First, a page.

Developed by J. Welles Wilder and introduced in his 1978 book, New Concepts in Technical Trading Systems, the Relative Strength Index (RSI) is an extremely useful and popular momentum oscillator. The RSI compares the magnitude of a stock's recent gains to the magnitude of its recent losses and turns that information into a number that ranges from 0 to 100. It takes a single parameter, the number of time periods to use in the calculation. In his book, Wilder recommends using 14 periods.
The RSI's full name is actually rather unfortunate as it is easily confused with other forms of Relative Strength analysis such as John Murphy's "Relative Strength" charts and IBD's "Relative Strength" rankings. Most other kinds of "Relative Strength" stuff involve using more than one stock in the calculation. Like most true indicators, the RSI only needs one stock to be computed. In order to avoid confusion, many people avoid using the RSI's full name and just call it "the RSI."
To simplify our explanation of the formula, the RSI has been broken down into its basic components which are the RS, the Average Gain, and the Average Loss.
To calculate RSI values for a given dataset, first find the magnitude of all gains and losses for the 14 periods prior to the time where you wish to start the calculation. (Note: 14 is the standard number of periods used when calculating the RSI. If a different number is specified, just substitute that number in for "14" throughout this discussion.)
It is important to understand that the RSI is a "running" calculation and the accuracy of the calculation depends on how long ago the calculations started. The first RSI value is an estimate - subsequent values improve on that estimate. You should calculate at least 14 values prior to the start of any values that you will rely on - going back 28+ periods is even better.
To start the running calculation, the First Average Gain is calculated as the total of all gains during the past 14 periods divided by 14. Similarly, the First Average Loss is calculated as the total magnitude of all losses during the past 14 periods divided by 14. The next values for the "averages" are calculated by taking the previous value, multiplying it by 13, adding in the next Gain (or Loss), and then dividing by 14. This is Wilder's modified "smoothing" technique in action.
The RS value is simply the Average Gain divided by the Average Loss for each period.
Finally, the RSI is simply the RS converted into an oscillator that goes between zero and 100 using this formula: 100 - (100 / RS + 1).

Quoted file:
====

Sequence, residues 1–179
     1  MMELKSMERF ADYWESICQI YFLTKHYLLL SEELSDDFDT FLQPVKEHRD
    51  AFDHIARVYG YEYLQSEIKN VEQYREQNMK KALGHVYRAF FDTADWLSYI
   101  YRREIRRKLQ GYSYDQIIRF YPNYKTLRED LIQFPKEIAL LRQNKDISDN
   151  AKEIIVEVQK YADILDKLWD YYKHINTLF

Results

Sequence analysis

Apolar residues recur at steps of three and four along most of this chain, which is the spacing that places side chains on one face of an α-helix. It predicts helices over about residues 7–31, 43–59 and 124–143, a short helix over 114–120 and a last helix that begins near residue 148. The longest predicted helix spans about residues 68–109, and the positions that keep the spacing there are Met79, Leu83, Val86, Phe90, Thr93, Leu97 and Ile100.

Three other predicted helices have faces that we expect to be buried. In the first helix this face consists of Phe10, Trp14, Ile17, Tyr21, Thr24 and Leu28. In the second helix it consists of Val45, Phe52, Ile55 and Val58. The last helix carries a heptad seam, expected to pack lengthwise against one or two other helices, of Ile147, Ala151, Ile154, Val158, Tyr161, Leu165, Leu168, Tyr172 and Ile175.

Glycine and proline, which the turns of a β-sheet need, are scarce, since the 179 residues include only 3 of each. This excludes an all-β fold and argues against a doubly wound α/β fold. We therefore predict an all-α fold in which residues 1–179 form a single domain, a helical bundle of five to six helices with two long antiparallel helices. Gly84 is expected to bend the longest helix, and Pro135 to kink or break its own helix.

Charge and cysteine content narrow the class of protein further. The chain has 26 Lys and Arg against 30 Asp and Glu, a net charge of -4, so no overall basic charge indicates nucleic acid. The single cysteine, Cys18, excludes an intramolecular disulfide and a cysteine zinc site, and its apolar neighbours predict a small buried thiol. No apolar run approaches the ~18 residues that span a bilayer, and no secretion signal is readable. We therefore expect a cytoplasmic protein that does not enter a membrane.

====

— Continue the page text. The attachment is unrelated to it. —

Here's an Excel Spreadsheet that shows RSI calculation in action.
When the Average Gain is greater than the Average Loss, the RSI rises because RS will be greater than 1. Conversely, when the Average Loss is greater than the Average Gain, the RSI declines because RS will be less than 1. The last part of the formula ensures that the indicator oscillates between 0 and 100. Note: If the Average Loss ever becomes zero, RSI becomes 100 by definition.
Important Note: The more data points that are used to calculate the RSI, the more accurate the results. The smoothing factor is a continuous calculation that - in theory - takes into account all of the closing values in the data set. If you start an RSI calculation in the middle of an existing data set, your values will only approximate the true RSI value. SharpCharts uses at least 250 data points prior to the starting date of any chart (assuming that much data exists) when calculating its RSI values. To duplicate our RSI numbers, you'll need to use at least that much data also.
Wilder recommended using 70 and 30 and overbought and oversold levels respectively. Generally, if the RSI rises above 30 it is considered bullish for the underlying stock. Conversely, if the RSI falls below 70, it is a bearish signal. Some traders identify the long-term trend and then use extreme readings for entry points. If the long-term trend is bullish, then oversold readings could mark potential entry points.
Buy and sell signals can also be generated by looking for positive and negative divergences between the RSI and the underlying stock. For example, consider a falling stock whose RSI rises from a low point of (for example) 15 back up to say, 55. Because of how the RSI is constructed, the underlying stock will often reverse its direction soon after such a divergence. As in that example, divergences that occur after an overbought or oversold reading usually provide more reliable signals.
The DELL example shows a number of extreme readings as well as a negative divergence. In Oct-99, RSI reached oversold for a brief moment to mark the low around 38. The next extreme reading (overbought) occurred after a large advance that peaked in Dec-99. RSI reached overbought levels in late Dec-99 and moved below 50 by the second week of Jan-00. The next oversold reading occurred in Feb. for another brief moment and marked the low around 35. By the end of Feb-00, RSI moved back above 50 and into overbought territory in March. A negative divergence formed in March and marked the high in the upper fifties.
Calculate RSI for Nifty of any stock or index - http://niftyrsi.blogspot.com/